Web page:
Get to know the MD

What’s his favourite thing to eat and what was his last search on Google? Get to know Alex some more in this fun video.

Photo by Photoholgic on Unsplash

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Nikki Feltham joins the Wasafiri team!

For several years, Wasafiri has been working on a range of climate and nature-related complex problems, ranging from climate finance for African nations, soil carbon sequestration and net-zero transition. But, like many organisations, we have been asking how do we do more and do it better?

So, last year we launched a focused Climate & Nature portfolio.

Wasafiri’s Director, Kate Simpson, interviews Nikki Feltham, Wasafiri’s new dedicated portfolio lead

Nikki – it’s great to have you joining our team at Wasafiri. Tell us a bit about what brought you here.

Like the rest of the team here, I want to make a difference – and for that difference to stick.

I am really drawn to both Wasafiri’s practical approach to systems change – Systemcraft – and the positivity of everyone here in working to make change happen! I was also keen to return to my consulting roots and work with lots of organisations seeking to make changes – but with the (hard-won) experience of working within non-profit organisations.

We were super excited about the diversity of experience you bring to the team – from eight years with Accenture and eight years at Save the Children (including as their UK Strategy director). What are you excited to help Wasafiri achieve over the coming years?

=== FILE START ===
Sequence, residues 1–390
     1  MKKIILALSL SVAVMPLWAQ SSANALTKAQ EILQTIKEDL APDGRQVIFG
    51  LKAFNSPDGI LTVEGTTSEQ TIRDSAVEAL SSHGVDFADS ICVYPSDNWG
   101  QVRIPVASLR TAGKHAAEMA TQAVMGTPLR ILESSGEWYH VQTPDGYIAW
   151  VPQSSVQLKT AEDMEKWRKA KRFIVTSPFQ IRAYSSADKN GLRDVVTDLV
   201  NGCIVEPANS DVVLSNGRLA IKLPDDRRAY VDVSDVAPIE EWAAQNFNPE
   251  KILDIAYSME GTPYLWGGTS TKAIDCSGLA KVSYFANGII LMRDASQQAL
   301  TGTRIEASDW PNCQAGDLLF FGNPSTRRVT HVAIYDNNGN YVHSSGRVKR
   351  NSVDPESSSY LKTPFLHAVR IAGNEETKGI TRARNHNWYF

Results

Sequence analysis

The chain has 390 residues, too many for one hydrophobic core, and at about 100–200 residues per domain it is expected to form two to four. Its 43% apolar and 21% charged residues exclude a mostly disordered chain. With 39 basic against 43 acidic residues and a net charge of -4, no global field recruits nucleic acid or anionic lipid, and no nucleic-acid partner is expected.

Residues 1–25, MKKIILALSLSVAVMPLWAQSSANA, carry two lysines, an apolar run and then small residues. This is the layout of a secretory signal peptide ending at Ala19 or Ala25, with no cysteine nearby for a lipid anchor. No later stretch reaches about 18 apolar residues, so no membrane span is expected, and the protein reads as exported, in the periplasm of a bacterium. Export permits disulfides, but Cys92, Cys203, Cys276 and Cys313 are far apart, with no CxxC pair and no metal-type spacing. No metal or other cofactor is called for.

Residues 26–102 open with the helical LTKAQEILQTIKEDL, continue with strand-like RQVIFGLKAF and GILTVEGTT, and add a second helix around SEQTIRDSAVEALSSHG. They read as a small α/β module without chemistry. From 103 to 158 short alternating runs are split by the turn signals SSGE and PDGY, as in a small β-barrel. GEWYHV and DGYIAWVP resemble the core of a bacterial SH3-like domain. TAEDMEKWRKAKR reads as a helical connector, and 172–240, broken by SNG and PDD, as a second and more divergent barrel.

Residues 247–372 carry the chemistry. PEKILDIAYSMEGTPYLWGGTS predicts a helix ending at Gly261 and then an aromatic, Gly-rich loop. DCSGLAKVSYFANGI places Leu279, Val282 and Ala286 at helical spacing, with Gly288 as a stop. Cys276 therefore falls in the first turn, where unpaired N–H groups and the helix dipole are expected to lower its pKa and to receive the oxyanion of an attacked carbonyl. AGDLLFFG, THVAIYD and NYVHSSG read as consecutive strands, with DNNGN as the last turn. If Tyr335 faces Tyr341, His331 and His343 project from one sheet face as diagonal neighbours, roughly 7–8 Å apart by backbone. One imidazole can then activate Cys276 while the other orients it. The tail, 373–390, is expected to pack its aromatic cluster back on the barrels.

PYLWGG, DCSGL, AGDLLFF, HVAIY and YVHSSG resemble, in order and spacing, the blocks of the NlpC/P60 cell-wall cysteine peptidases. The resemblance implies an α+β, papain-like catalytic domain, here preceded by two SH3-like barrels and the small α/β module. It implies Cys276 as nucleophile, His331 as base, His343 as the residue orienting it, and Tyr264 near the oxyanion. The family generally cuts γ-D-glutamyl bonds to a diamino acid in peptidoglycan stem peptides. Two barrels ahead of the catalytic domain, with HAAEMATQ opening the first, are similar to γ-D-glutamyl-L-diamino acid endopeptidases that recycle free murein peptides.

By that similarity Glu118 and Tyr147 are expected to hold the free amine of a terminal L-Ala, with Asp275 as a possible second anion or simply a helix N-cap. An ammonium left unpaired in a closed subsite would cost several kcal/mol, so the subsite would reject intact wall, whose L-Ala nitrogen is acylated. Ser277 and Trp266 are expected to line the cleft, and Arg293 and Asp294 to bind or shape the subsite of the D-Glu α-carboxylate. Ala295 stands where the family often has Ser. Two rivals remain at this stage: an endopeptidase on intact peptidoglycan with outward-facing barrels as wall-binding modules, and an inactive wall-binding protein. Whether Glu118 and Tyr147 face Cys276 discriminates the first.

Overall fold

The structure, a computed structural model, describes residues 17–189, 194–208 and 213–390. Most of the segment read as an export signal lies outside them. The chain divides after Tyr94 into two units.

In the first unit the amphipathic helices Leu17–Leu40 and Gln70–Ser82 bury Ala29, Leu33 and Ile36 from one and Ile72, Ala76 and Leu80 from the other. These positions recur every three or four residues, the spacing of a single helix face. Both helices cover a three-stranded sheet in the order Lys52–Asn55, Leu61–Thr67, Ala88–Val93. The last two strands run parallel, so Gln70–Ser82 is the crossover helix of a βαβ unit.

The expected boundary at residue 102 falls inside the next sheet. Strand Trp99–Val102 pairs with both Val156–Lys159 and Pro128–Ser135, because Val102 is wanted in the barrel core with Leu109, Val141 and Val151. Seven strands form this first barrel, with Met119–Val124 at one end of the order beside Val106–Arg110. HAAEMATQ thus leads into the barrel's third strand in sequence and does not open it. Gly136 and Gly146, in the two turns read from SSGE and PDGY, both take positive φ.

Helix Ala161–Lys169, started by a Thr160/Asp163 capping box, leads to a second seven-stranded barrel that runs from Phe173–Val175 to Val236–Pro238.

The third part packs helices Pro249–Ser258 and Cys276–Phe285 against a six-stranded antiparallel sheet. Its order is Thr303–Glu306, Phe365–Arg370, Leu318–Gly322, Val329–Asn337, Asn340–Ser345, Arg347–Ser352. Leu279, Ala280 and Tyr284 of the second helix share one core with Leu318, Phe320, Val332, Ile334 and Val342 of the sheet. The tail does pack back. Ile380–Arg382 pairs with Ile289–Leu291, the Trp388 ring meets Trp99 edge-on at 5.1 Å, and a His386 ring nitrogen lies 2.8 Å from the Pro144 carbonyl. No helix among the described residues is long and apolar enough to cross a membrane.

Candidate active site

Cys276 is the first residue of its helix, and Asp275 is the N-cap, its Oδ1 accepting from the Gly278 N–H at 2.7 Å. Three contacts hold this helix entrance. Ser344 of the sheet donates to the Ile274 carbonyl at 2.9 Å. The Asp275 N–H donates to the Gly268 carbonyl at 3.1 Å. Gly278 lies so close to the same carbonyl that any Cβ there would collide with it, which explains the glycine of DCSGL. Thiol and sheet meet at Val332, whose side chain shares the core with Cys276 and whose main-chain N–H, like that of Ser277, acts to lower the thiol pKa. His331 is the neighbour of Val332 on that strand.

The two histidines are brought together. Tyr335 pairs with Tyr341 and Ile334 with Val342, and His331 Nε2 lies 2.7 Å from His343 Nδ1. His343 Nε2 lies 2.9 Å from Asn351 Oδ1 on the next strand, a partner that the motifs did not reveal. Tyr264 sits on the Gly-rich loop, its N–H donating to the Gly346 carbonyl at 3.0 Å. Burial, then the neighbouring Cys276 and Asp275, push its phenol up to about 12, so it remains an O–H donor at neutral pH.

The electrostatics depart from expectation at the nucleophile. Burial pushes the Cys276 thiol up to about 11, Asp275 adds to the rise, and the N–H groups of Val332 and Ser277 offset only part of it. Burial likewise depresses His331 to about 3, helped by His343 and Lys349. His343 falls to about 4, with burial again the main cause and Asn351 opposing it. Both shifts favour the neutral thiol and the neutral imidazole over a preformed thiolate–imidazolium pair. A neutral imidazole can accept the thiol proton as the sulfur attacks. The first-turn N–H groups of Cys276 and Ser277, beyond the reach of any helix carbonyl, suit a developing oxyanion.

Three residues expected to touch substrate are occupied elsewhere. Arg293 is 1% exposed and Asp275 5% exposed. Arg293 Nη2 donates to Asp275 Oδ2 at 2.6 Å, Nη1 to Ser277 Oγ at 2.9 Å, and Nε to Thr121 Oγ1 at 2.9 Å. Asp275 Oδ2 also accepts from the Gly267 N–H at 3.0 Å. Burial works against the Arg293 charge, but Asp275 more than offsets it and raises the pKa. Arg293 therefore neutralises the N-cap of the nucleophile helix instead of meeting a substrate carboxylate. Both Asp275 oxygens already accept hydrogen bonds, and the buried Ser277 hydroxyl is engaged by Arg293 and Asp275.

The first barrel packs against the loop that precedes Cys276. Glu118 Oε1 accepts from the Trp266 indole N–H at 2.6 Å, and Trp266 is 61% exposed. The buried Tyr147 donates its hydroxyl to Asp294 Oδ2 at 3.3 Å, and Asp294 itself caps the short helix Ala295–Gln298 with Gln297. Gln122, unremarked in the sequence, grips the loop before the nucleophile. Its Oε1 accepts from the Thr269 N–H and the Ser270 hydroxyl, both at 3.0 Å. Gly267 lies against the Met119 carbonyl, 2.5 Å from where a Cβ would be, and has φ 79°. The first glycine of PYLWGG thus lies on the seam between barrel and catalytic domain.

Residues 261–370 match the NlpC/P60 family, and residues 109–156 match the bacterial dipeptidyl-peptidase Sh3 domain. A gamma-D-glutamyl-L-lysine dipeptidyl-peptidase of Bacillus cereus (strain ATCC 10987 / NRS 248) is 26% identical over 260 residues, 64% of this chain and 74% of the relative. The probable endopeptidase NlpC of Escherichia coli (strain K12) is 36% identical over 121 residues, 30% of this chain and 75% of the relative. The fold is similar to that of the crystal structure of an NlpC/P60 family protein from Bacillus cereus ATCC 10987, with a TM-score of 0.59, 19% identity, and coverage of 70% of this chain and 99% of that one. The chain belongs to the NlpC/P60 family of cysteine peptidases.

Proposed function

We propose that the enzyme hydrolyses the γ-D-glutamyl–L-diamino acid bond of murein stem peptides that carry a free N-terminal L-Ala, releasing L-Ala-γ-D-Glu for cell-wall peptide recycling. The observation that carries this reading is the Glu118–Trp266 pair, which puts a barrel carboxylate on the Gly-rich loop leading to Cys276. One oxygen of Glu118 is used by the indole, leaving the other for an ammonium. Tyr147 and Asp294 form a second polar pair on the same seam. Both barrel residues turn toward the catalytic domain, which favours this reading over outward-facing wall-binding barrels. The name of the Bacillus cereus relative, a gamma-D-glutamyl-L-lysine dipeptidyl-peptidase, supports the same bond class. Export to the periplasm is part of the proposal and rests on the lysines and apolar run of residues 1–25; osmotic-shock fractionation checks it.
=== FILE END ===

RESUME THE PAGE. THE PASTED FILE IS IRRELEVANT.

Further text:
Wasafiri has such a powerful combination of tools to dig in on the really complex challenges we face – consulting support, networks, and learning and capability building.

What I’m excited about is figuring out how we best bring them together to serve organisations and individuals who are driven by a purpose to unlock their full potential for impact.

There are so many amazing organisations, innovators, and ideas out there, and we need all of them to be able to work brilliantly – together – to address our collective challenges. Being able to bring my own experience and ideas into this is what’s lighting me up right now.

What is your new role at Wasafiri?

As an ex-consultant with a consultant’s attention span, I’m lucky to have three aspects to my role!

I get to build up our Climate and Nature Portfolio, steward our work and partnerships with the World Economic Forum and design how we will build knowledge and share our systems-based approach. Sounds great, doesn’t it!

Amongst all that choice (!) what are you looking forward to the most?

As well as the opportunity to contribute directly through the Climate and Nature portfolio, I’m hugely excited about being involved in Wasafiri’s own journey.

The team has had such great successes helping to address complex problems across intractable areas – it’s great to be involved in how we innovate and grow to deliver even more impact. What next is the big question!

Connect with Nikki

Photo by kazuend on Unsplash

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Exciting developments in Communications; Stella Odhiambo joins Wasafiri!

Stella shares insights on her new role as Wasafiri’s Communications Officer

What drew me to Wasafiri

The Wasafiri culture and the people! For a while now, I’ve been more intentional about the organisations and clients I partner with. After eight years in media and publishing, as well as freelancing for clients in Kenya’s private sector, it became increasingly important to connect with organisations with values that align with my own. More importantly, to work with those that have good people dedicated to doing good things at the helm.

Right from the get-go, this place gave off all the right vibes and, after meeting a couple of members of the Wasafiri family during the interview process, it felt even more like the right fit for me.